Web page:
Soil sensing: improving agronomy from the ground up


Soil sensing is a precision agriculture method used to improve agronomy by identifying opportunities to manage variability.

Dr. Athyna Cambouris is a soil scientist and researcher with Agriculture and Agri-food Canada (AAFC) at the Quebec Research and Development Centre, focused on precision agriculture and using soil sensing to improve agronomy.

Cambouris says that grid soil sampling can provide a detailed field-level map of soil variability, but it’s time consuming and requires a lab for analysis. Using technology, including mapping electrical conductivity (EC) of soil, can collect soil data quickly without having to collect samples.

Data collected through sensors is then used to create a field map, making it easier to hone in on field variability. From there, Cambouris says the areas of variability can be sampled to determine the characteristics of the outlying EC measurement. The soil sampling provides an in depth look at what can be adjusted to create a consistent soil environment.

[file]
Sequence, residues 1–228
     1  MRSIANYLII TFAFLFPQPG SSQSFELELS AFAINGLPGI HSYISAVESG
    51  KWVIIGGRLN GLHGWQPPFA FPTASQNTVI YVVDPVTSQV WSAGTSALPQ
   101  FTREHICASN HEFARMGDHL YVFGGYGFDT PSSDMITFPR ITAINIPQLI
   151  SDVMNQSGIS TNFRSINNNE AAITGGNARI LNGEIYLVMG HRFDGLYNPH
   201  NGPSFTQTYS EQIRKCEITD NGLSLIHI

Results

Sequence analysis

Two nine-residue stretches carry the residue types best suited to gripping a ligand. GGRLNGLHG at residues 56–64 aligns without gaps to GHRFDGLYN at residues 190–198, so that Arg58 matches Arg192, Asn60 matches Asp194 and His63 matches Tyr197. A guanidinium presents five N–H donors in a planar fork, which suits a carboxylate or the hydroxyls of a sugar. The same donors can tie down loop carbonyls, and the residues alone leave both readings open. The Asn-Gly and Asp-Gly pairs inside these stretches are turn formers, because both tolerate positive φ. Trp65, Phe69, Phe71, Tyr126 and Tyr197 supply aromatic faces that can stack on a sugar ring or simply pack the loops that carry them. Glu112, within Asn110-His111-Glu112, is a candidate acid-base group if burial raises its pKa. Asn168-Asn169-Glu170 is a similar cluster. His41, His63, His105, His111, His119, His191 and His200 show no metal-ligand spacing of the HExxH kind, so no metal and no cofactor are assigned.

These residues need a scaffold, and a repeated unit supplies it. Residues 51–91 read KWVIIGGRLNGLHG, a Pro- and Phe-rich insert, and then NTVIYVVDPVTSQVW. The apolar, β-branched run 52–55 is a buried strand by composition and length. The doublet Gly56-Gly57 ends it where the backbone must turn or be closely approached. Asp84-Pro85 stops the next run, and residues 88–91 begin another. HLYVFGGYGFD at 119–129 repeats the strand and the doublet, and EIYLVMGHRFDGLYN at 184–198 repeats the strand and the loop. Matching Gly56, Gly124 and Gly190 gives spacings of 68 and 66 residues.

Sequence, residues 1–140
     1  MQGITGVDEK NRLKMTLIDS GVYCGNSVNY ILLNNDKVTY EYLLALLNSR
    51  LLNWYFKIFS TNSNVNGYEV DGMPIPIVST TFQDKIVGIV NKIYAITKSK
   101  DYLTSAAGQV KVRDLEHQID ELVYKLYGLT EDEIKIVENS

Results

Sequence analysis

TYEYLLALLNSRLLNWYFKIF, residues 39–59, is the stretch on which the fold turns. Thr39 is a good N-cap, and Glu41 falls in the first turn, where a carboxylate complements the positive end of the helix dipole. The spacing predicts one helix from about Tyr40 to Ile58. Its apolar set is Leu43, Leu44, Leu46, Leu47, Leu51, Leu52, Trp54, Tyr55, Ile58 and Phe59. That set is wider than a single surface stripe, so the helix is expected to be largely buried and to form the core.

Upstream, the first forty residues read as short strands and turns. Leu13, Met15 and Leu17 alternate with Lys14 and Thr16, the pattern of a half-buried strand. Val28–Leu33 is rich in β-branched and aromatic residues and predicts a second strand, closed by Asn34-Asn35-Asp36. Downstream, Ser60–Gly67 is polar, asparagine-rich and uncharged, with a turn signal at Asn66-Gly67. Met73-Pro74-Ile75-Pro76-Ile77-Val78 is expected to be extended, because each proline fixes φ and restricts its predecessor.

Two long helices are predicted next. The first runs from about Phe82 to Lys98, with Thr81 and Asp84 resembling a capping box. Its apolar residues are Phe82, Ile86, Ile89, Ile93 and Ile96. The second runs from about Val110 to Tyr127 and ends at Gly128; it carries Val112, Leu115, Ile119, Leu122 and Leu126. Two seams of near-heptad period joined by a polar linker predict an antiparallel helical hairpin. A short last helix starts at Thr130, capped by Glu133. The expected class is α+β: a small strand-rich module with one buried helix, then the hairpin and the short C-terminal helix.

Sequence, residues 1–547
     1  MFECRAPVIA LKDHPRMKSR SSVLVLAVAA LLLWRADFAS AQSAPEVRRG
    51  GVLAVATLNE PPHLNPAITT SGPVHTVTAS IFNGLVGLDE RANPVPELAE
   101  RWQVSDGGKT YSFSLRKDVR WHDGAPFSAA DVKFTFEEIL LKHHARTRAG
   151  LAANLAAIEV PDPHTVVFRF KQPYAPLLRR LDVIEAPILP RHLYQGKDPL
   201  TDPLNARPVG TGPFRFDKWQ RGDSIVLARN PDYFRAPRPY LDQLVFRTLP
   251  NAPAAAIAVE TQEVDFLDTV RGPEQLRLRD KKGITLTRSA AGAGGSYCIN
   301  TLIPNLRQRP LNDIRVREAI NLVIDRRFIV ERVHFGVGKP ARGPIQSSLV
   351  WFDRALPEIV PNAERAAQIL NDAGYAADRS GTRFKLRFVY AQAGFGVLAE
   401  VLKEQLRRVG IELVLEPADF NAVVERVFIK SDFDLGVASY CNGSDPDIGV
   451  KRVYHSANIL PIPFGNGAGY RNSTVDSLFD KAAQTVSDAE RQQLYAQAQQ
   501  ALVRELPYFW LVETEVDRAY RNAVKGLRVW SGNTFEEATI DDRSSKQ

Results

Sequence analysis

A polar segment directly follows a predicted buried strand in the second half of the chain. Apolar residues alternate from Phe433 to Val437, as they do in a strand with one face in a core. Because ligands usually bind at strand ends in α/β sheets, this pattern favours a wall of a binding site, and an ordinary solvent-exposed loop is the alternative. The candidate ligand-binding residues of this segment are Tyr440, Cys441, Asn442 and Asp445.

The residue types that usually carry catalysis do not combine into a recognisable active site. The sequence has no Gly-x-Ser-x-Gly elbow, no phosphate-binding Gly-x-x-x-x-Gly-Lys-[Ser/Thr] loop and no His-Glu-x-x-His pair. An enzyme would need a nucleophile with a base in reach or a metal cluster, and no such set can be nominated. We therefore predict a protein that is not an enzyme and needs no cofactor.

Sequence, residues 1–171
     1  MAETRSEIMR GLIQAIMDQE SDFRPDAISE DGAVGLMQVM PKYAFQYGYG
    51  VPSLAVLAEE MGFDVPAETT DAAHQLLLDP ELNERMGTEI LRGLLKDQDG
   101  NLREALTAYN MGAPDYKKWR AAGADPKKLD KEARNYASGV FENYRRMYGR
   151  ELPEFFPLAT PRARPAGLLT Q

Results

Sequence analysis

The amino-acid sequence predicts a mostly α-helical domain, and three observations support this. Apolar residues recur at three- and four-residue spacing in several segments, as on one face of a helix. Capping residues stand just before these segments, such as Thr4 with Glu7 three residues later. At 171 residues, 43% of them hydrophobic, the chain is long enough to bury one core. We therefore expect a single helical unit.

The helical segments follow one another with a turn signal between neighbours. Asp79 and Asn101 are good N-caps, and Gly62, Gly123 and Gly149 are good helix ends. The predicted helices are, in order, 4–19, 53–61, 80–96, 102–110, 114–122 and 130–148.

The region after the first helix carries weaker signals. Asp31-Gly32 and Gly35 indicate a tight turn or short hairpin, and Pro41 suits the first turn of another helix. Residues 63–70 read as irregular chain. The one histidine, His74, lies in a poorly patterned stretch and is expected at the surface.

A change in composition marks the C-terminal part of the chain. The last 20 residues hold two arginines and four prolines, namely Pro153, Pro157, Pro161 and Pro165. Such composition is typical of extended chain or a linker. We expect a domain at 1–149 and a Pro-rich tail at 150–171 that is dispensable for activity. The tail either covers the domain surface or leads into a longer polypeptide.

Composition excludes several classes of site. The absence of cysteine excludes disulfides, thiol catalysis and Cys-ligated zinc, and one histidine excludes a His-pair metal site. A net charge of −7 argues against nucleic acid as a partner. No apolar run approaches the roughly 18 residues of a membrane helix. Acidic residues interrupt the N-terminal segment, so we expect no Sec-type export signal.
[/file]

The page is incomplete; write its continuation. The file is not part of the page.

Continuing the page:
So what does the EC measurement tell us? Cambouris says EC measurement tools were invented in California to determine areas with high salt content where yields would be lower. EC is related to salt properties, and soil with a higher EC measurement has a higher moisture level and soil with lower EC has less moisture and is likely more sandy. Cambouris says EC data can be compared to yield data to determine the relationship between soil variance and yield.

Cambouris says agronomists using soil sensing can provide growers with information on soil management for specific areas. She gives the example of EC data showing inconsistent moisture levels on a field with a precision irrigation allowing the farmer to adjust the system to provide proper moisture to the whole crop.

Cambouris says one barrier preventing this soil sensing method from being widely used is the time it takes for growers to have this data collected. She points out that this type of data only needs to be collected once, meaning growers can spend the time on getting the data and applying solutions once and not have the concern again. A second barrier Cambouris mentions is the lack of agronomists who understand how to interpret the EC data and give farmers suggestions to improve agronomy.

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